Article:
Issue date: 24 November 2004

ISSUE DATE: 24/11/04

The University of the West of England will award the honorary degree of Doctor of Science to Professor Peter Haggett CBE ScD FBA. The honorary degree will be conferred at the Award Ceremony of the Faculty of the Built Environment on Friday 26 November at 11.30 at Bristol Cathedral.

Peter Haggett was born in Pawlett, Somerset and attended Dr Morgan’s School, Bridgwater. He read Geography at St Catharine’s College, Cambridge before becoming an Assistant Lecturer at University College, London. He moved to Cambridge as a Demonstrator and Lecturer, where he completed his MA in 1957, before becoming a Fellow of Fitzwilliam College. At Cambridge, he organised the Madingley Conferences during summer vacations to enable school teachers to keep abreast of new ideas and developments in geography.

Whilst holding research and teaching posts around the world, in countries such as Brazil, Canada, New Zealand and Australia, Peter Haggett gained his degrees of Doctor of Philosophy in 1969 and Doctor of Science in 1985. From 1966 until 1988, he held the Chair of Urban and Regional Geography at the University of Bristol; within that period he spent three years as Provost of the Institute for Advanced Studies and a year as Acting Vice-Chancellor.

Now retired, Professor Haggett continues in the role of Emeritus Professor and Senior Research Fellow at the University of Bristol. His research and teaching interests centre on human geography and epidemiology, with special reference to the spatial diffusion of diseases. His current research, with Dr Andrew Cliffs, on the changing global geography of virus diseases is supported by the Wellcome Trust.

Professor Haggett has served as a member of: the South West Economic Planning Council; The Council of the Royal Geographical Society; the University Grants Committee; and, the National Radiological Protection Board. His many other roles have included: Chairman of the Wellcome Trust’s History of Medicine Committee: Vice-President of the British Academy: and, a Governor of the Centre for Environmental Studies.

An author of many books and research papers on related geographical topics, Professor Haggett’s publications have long underpinned a great deal of geography teaching. His book, Geography: a modern synthesis, first published in 1972, has been used by generations of geographers and been revised four times and translated into six languages. More recent publications include: The Geographical Structure of Epidemics and the World Atlas of Epidemic Diseases. With Torsten Hägerstrand, he is one of only two geographers among the founding members of the European Academy.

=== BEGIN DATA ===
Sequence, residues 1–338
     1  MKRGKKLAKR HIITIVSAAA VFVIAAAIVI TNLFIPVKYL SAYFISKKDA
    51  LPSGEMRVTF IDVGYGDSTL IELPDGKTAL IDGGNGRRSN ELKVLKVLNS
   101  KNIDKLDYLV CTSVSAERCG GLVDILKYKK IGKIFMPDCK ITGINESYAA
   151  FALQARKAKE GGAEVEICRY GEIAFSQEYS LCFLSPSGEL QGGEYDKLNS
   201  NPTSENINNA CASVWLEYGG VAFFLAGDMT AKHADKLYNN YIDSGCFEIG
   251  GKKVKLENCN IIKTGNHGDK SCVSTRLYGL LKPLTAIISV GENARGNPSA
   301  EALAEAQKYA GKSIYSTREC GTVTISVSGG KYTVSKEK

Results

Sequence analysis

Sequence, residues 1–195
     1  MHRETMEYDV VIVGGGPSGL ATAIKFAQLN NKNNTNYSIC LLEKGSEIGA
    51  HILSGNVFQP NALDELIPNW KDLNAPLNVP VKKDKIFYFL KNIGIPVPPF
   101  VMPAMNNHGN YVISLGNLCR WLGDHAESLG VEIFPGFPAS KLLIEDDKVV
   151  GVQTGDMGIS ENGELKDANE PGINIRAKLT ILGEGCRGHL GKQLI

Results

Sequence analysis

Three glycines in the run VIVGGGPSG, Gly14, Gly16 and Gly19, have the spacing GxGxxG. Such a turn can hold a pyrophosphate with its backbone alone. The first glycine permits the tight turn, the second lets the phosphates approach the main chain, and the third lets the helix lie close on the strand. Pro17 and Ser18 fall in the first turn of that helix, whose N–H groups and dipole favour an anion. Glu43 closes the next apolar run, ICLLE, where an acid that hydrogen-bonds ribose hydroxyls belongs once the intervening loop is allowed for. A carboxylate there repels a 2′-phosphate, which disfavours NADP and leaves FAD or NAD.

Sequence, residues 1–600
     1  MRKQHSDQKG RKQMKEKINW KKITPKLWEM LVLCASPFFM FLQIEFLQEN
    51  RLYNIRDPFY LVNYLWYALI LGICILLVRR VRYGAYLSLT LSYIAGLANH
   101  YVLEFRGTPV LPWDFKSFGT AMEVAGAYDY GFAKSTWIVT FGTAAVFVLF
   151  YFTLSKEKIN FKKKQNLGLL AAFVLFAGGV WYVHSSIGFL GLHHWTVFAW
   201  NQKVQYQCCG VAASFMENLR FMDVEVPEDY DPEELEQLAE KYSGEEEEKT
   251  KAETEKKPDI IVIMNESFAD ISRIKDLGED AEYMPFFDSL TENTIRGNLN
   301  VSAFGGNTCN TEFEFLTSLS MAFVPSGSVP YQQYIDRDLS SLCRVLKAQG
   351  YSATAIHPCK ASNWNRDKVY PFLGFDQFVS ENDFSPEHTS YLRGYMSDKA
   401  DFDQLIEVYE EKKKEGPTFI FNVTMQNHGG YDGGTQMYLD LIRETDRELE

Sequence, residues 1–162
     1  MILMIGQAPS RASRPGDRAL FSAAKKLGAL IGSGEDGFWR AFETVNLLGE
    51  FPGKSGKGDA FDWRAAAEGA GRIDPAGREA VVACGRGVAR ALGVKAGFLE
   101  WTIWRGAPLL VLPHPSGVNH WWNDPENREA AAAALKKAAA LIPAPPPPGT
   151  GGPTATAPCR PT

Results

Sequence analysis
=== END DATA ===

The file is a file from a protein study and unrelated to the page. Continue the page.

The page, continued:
Professor Haggett has received many international and national awards. He is a gold medallist of both the Royal Geographical Society and the American Geographical Society. His other distinctions include: the Scottish Medal of the Royal Scottish Geographical Society; the Meritorious Contribution Award of the Association of American Geographers; Lauréat d’Honneur of the International Geographical Union; the Prix Internationale de Géographie of the Centre National de la Recherche Scientifique; and, the Anders Retzius Gold Medal (Sweden). He was elected a Fellow of the British Academy in 1992 and awarded a CBE in 1993.

More locally, Professor Haggett has supported the Bristol Branch of the Geographical Association and served as a Trustee of the Bristol Municipal Charities and Bath’s Royal Literary and Scientific Institute. In retirement, Professor Haggett continues to live in Somerset and remains actively engaged with local communities. His entry in ‘Who’s Who’ lists his interests as: Somerset history; and, cricket.

The Honorary Degree is awarded in recognition of Professor Peter Haggett’s reputation as a scholar and researcher, particularly in the field of human geography, and of the inspiration he has provided for all those who teach and learn about geography and its relevance.

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